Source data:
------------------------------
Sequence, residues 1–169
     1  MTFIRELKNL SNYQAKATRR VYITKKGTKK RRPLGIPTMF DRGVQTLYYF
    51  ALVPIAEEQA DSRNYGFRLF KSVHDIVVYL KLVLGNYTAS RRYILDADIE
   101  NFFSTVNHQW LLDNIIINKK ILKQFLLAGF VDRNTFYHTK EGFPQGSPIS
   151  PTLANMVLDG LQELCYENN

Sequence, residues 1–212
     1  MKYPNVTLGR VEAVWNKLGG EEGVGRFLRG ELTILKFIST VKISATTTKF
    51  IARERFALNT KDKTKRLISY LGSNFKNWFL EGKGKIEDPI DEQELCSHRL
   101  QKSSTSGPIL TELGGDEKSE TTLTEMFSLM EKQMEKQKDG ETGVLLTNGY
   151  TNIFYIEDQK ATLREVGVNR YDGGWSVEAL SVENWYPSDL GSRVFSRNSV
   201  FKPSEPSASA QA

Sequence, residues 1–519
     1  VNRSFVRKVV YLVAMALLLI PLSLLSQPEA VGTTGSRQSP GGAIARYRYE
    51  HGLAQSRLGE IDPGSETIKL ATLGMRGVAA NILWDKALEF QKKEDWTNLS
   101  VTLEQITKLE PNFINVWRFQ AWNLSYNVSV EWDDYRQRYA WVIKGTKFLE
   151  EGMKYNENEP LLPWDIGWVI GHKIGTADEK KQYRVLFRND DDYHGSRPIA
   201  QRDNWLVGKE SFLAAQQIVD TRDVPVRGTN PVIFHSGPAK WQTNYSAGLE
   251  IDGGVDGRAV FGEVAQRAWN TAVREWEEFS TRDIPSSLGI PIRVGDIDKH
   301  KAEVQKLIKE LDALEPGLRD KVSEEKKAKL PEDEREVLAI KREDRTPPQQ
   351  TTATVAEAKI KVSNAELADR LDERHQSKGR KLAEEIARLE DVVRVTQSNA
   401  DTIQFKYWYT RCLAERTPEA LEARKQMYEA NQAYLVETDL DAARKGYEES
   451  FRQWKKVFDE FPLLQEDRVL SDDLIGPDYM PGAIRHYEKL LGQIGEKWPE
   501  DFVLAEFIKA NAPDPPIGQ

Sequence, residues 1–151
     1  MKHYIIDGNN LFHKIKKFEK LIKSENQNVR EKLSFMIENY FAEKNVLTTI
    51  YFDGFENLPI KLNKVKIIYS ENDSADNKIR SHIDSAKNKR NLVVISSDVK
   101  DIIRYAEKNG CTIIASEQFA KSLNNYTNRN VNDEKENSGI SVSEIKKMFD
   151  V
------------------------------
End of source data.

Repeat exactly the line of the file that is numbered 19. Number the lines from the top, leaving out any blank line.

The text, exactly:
   301  KAEVQKLIKE LDALEPGLRD KVSEEKKAKL PEDEREVLAI KREDRTPPQQ